Journal of Studies on Alcohol and Drugs vol:78 issue:1 pages:124-133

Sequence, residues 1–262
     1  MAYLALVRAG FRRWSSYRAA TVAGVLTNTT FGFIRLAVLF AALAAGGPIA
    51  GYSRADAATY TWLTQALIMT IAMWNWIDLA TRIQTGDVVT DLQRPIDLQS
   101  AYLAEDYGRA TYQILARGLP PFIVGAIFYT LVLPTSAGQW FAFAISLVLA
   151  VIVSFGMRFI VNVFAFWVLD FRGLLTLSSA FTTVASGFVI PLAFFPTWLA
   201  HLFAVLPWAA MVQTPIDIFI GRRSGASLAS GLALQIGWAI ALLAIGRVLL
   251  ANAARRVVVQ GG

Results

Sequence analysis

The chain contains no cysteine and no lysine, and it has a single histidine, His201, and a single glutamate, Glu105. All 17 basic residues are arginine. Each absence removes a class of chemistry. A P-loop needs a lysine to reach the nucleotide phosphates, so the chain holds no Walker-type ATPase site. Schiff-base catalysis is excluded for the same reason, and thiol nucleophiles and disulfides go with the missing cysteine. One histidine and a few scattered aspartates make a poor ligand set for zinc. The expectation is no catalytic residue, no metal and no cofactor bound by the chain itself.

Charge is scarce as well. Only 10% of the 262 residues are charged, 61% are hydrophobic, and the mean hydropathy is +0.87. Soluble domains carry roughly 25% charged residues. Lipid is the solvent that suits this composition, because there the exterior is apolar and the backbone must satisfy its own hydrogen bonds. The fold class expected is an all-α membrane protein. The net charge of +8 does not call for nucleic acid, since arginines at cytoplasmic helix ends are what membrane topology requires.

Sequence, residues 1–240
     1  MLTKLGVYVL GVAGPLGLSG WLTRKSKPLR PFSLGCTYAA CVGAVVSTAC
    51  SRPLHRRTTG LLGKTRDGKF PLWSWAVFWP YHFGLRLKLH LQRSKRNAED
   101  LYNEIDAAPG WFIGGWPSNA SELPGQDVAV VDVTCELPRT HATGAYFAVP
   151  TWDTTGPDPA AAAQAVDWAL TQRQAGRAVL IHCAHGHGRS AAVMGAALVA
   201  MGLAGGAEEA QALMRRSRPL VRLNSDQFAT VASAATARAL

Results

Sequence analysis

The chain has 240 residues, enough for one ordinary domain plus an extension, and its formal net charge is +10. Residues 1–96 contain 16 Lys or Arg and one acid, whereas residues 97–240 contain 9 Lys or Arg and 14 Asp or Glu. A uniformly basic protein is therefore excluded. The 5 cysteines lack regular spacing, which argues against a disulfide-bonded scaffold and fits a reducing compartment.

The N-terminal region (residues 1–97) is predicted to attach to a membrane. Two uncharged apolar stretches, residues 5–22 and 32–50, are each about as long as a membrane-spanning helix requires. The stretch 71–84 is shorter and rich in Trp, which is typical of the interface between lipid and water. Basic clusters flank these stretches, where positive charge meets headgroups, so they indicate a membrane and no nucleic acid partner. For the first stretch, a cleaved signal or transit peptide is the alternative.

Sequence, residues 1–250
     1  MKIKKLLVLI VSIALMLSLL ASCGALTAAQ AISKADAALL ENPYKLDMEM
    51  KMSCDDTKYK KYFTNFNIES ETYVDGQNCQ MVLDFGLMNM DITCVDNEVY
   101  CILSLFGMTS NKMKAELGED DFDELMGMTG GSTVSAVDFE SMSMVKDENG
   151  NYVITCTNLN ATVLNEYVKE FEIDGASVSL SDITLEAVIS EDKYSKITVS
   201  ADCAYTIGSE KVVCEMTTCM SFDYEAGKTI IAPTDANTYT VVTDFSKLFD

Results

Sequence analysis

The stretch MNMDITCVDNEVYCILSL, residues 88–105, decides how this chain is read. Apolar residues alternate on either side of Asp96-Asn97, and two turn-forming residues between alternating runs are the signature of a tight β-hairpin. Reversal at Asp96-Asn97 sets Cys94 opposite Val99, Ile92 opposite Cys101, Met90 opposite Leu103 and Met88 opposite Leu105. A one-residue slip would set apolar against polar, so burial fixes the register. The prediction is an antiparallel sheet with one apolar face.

Objective: The current study is one of the first to examine how self-reported alcohol consumption, friends’ perceived alcohol consumption and the perceived number of friends sharing alcohol references on social networking sites (SNS) is associated with adolescents’ sharing of alcohol references on SNS. Method: A cross-sectional paper-and-pencil survey was administered among 3172 adolescents (Mage=17.16, SD=.93; 50% girls). Structural equation modeling was used to test the hypotheses. Results: First, the results indicated that both self-reported drinking behavior and the perceived number of friends sharing alcohol references, were related to sharing alcohol references on SNS, but the perceived number of friends sharing alcohol references was a stronger predictor than self-reported drinking behavior. Friends’ perceived drinking behavior was not a significant predictor. In the second place, self-reported drinking behavior was a stronger predictor for girls than for boys, whereas the perceived number of friends sharing alcohol references was a stronger predictor for boys than for girls. Conclusion: Adolescents’ alcohol-related self-representation is in line with their alcohol consumption, and is also strongly related to what their friends are sharing. Thus, adolescents appear to communicate authentically about their drinking experiences, but the decision to do so is heavily influenced by the prevailing social norm regarding alcohol-related communication.